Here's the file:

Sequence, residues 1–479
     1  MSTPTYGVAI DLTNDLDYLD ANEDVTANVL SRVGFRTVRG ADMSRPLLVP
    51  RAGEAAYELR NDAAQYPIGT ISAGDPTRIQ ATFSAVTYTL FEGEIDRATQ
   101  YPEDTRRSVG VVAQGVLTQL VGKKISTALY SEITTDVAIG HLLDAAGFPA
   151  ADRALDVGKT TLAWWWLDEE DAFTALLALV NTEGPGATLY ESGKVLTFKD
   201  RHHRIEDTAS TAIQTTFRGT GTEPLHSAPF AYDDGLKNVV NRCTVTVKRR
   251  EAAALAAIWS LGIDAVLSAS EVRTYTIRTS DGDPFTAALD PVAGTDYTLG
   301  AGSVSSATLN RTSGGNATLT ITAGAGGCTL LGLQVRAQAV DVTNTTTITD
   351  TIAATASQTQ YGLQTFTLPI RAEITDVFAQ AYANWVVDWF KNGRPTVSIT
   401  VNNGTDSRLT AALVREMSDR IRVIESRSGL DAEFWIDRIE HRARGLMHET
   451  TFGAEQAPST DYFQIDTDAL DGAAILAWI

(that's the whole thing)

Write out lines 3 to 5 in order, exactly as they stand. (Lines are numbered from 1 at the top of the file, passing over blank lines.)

    51  RAGEAAYELR NDAAQYPIGT ISAGDPTRIQ ATFSAVTYTL FEGEIDRATQ
   101  YPEDTRRSVG VVAQGVLTQL VGKKISTALY SEITTDVAIG HLLDAAGFPA
   151  ADRALDVGKT TLAWWWLDEE DAFTALLALV NTEGPGATLY ESGKVLTFKD